//only standby mode ON: no visible difference?
            //LCD_Write_COM_DATA(0x10,0x0001);
            break;
        //-------------------------------------
    }
    sbi(P_CS, B_CS);
}

void UTFT::lcdOn()
{
    cbi(P_CS, B_CS);
    switch (display_model)
    {
        case PCF8833:
            LCD_Write_COM(0x29);
            break;

        //I added this ------------------------
        case SSD1289:
            //turn ON
            LCD_Write_COM_DATA(0x07,0x0021);
            LCD_Write_COM_DATA(0x00,0x0001);
            LCD_Write_COM_DATA(0x07,0x0023);
            LCD_Write_COM_DATA(0x10,0x0000);
            delay(30); 
            LCD_Write_COM_DATA(0x07,0x0033);
            LCD_Write_COM_DATA(0x11,0x60B0);
            LCD_Write_COM_DATA(0x02,0x0600);
            LCD_Write_COM(0x22);

            //only standby mode OFF: no visible difference?
            //LCD_Write_COM_DATA(0x10,0x0000);
            break;
        //-------------------------------------
    }
    sbi(P_CS, B_CS);
}

So... If I just replace the trimmer by something else that does basically the same thing (analogWrite), isn't that OK? Then, you could reply to my questions :)

Yes this, I'm pretty sure: the trimmer's input is 3.3V, output is LED-A pin, which probably stand for LED Anode.

So the trimmer is essentially a voltage divider feeding the backlight - not a particularly good technique for implementing an LED.

If I put a wire between LED-A (pin19) and GND (pin 1), the backlights turns OFF.

This is not a good practice, especially for some settings of the trimmer.

And to add to that: in the datasheet of the SSD1289 controller, there is not a single word about backlight...

That is because the controller is designed to deal with the presentation of information on the LCD itself and the backlight is more or less an add-on to the LCD to make that information more legible.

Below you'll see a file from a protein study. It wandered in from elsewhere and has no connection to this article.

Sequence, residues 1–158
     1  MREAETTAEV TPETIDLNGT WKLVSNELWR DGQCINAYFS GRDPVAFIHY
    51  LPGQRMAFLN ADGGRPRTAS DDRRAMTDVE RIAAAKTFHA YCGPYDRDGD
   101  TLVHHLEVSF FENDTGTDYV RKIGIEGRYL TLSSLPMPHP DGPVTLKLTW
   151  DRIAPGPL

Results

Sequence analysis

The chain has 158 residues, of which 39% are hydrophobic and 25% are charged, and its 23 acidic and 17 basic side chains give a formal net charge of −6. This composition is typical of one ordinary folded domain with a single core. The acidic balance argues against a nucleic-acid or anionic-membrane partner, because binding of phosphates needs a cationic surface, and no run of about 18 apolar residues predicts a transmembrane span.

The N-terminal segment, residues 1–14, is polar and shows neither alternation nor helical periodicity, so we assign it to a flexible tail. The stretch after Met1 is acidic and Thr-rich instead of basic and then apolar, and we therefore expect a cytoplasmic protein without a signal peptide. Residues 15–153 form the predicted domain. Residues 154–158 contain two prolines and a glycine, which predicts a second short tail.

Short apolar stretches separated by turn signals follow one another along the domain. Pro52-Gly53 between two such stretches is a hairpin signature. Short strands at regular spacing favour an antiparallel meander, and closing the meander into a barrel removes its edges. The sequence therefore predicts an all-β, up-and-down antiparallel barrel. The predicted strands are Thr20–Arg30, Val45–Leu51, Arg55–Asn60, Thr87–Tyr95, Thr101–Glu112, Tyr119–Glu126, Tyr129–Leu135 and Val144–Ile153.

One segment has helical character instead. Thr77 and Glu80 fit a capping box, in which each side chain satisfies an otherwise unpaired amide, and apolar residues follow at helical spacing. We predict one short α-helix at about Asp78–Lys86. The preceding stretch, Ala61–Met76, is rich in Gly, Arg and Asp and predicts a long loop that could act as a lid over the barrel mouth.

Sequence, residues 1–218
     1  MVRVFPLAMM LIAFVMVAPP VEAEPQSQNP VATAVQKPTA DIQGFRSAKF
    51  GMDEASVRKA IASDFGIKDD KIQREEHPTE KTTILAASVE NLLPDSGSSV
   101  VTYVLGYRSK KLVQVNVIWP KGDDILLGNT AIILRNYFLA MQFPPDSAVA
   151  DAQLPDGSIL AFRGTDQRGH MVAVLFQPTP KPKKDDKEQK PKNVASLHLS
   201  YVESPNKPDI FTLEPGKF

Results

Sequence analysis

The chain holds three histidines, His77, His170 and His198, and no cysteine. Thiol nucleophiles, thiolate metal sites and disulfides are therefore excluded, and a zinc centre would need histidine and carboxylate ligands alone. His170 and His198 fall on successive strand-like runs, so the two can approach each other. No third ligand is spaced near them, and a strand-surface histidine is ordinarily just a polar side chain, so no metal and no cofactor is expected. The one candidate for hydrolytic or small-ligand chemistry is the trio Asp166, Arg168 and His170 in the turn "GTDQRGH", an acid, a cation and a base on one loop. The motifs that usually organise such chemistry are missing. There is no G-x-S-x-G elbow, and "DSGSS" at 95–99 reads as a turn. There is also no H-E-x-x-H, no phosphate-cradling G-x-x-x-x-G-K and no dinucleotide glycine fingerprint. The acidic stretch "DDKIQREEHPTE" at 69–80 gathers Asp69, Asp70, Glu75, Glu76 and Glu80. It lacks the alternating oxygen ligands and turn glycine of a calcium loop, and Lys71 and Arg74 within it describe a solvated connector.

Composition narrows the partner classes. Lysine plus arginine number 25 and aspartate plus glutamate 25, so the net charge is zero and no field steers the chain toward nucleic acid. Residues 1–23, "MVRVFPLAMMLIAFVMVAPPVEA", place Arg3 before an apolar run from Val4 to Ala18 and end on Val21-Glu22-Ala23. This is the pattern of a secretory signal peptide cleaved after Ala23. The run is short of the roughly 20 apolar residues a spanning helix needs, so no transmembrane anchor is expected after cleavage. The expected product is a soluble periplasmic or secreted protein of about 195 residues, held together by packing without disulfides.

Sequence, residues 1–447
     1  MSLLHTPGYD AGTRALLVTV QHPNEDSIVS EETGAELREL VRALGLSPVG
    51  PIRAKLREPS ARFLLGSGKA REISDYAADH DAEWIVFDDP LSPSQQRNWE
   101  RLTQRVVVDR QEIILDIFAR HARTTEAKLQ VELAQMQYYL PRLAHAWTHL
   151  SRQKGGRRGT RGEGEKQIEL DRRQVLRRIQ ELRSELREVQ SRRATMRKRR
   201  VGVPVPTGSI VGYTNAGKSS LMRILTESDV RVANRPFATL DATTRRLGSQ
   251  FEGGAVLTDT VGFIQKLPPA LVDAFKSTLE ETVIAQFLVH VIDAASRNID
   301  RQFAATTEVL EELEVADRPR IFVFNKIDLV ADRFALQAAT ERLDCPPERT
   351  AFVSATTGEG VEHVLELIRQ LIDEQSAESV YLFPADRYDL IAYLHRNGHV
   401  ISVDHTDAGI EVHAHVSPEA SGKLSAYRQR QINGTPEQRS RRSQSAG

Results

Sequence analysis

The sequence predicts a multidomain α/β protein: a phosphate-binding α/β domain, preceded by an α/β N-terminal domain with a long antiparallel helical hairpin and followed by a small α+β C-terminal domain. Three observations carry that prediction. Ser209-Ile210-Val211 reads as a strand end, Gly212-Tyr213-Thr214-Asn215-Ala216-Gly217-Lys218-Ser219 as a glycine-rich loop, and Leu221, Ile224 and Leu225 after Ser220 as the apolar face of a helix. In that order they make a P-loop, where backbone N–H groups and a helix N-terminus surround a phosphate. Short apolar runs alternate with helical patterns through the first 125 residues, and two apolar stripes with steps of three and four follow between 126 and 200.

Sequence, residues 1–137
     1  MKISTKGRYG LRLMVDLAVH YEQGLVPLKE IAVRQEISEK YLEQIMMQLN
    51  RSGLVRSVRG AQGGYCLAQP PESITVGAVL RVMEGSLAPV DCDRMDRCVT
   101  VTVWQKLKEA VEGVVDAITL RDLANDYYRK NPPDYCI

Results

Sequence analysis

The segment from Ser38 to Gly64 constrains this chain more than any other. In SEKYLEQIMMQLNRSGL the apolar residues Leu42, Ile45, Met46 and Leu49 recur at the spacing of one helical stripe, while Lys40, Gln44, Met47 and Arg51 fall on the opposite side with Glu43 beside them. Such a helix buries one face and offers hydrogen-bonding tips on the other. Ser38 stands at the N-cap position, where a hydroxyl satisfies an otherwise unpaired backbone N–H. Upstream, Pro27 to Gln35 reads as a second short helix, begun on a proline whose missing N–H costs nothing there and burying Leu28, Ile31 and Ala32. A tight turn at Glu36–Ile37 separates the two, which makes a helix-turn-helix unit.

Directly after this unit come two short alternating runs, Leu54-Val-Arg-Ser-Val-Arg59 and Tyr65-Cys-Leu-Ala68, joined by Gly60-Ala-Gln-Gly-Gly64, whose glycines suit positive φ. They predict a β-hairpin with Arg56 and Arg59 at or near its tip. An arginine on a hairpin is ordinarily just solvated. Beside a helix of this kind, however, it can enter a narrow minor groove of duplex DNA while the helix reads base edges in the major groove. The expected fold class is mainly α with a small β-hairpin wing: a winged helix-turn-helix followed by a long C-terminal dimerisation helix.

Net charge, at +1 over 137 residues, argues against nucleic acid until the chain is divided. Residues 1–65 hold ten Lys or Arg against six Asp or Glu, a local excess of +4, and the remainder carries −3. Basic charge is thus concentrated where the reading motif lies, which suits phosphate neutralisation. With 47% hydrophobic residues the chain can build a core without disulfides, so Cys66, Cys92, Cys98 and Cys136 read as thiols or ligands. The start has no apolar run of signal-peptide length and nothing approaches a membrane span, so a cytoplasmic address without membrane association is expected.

The trimmer is part of the shield that goes between the display and the Arduino and the apparently non-existent documentation for that shield should explain its operation and perhaps other options. By now you should have figured out why the distributors that provide good support seem to charge more for their products than those who provide minimal support.

Don

Yes this, I'm pretty sure: the trimmer's input is 3.3V, output is LED-A pin,

I agree with the other poster that this is a terrible design. The LED(s) probably suck in a lot of current. For the trimmer approach to work, its resistance has to be fairly small.

Do you know if the wiper goes to the LED or one of the terminals goes to the LED? Essentially you want to know if the trimmer is used as a variable resistor.

which probably stand for LED Anode.

Yes. That's correct.

If I put a wire between LED-A (pin19) and GND (pin 1), the backlights turns OFF.

If the trimmer is used as a divider and the wiper is at the top, you have just shorted the power supply.

I think you can use a pwm pin to power the led and software control the duty cycle. That requires some resistance on the led, and some limit on how much current the led can draw. If the timmer is wired in right, you can use it. Otherwise, you can cut the trace and wire in a resistor.

Do you know if the wiper goes to the LED or one of the terminals goes to the LED? Essentially you want to know if the trimmer is used as a variable resistor.

The wiper goes to the LED. It's shown right there in his original post.

If the trimmer is used as a divider and the wiper is at the top, you have just shorted the power supply.

And you probably burned out the trimmer just before you got to the top. But it does indeed turn the backlight off, either way!

That requires some resistance on the led ...

Which should be present in any design including one using the unmodified shield. There may be one on the PC board that holds the LCD, but don't count on it.